The United Nations’ Russian-language Twitter feed chose a peculiar image to illustrate the horrors of chemical warfare: a screenshot from the post-apocalyptic video game Fallout 3.
“The use of toxins in Vietnam, burning oilfields during [the 1991 Gulf War] in Kuwait. Kosovo, Iraq, Sierra Leone, Lebanon, Liberia, Ukraine – all these countries sustain significant environmental damage during hostilities,” the UN account tweeted on Wednesday, referencing a list of countries scarred by chemical weapons, many of them at the hands of the United States.
However, the graphic image of levelled buildings beneath a radiation-choked sky that accompanied the tweet wasn’t taken in an actual warzone. Instead, it came from Fallout 3, a video-game set in the irradiated, post-apocalyptic wasteland of a nuked Washington DC.
Though not visible in the screenshot, the world of Fallout 3 is inhabited by rabid super-mutants and roving packs of bandits, all depicted with a 1950s-style retro-futuristic twist.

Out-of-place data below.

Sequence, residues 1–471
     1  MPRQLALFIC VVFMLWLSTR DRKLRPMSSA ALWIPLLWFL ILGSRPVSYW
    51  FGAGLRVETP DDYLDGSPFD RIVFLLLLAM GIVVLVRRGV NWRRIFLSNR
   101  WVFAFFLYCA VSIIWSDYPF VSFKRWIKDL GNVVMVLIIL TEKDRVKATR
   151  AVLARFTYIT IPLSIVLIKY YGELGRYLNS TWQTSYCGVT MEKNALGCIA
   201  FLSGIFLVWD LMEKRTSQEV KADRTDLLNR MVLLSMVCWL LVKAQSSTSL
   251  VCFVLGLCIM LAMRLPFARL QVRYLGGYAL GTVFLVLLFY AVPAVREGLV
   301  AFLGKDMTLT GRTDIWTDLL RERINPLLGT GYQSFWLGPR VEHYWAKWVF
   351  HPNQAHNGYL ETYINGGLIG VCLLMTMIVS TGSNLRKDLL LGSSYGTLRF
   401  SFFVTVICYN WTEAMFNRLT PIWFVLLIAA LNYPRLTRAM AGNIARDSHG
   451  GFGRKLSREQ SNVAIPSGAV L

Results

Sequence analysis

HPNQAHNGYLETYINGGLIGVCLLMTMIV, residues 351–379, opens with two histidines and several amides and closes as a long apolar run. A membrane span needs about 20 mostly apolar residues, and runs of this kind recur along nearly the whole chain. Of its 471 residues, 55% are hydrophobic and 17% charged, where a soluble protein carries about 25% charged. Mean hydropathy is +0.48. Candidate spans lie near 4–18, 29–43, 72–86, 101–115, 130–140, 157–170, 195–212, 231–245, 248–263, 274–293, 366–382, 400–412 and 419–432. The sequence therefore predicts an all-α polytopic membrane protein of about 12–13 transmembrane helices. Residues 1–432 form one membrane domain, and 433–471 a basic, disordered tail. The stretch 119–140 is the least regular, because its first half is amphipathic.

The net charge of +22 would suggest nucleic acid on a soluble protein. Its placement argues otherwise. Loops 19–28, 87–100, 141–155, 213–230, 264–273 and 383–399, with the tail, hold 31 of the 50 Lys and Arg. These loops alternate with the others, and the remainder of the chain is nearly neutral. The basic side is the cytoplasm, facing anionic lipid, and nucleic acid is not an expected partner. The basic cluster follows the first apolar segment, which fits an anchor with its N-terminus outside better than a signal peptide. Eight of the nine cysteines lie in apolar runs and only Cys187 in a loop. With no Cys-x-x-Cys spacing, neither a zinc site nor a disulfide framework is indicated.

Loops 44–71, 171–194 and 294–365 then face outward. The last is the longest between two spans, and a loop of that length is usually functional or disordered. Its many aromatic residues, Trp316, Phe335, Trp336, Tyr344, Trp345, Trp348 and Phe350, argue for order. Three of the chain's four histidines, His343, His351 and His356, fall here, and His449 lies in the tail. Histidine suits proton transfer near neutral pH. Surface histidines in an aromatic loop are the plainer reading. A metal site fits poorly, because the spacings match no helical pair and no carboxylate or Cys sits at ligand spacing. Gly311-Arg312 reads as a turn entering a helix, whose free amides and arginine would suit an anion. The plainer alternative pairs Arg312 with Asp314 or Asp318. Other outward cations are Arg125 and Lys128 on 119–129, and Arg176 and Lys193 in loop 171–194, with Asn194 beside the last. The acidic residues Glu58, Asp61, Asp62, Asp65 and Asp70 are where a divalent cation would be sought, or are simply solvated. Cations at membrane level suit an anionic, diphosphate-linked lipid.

If the 2008 graphics (which is in itself a bit retro) managed to fool the UN’s social media team, at least the copyright text at the bottom corner should have been a giveaway.
Few commenters reacted to the tweet’s actual message – most, instead, joked at the visual slip-up, referencing the game’s tagline: “War…war never changes.” The tweet was soon deleted.
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To be fair, the UN is not the only organization to be caught out in the same way. CNN was slated in 2017 for using screengrabs from Fallout 4’s ‘hacking’ minigame as eye-candy in a story on “Russian Hacking,” prompting laughter and cries of “fake news.”
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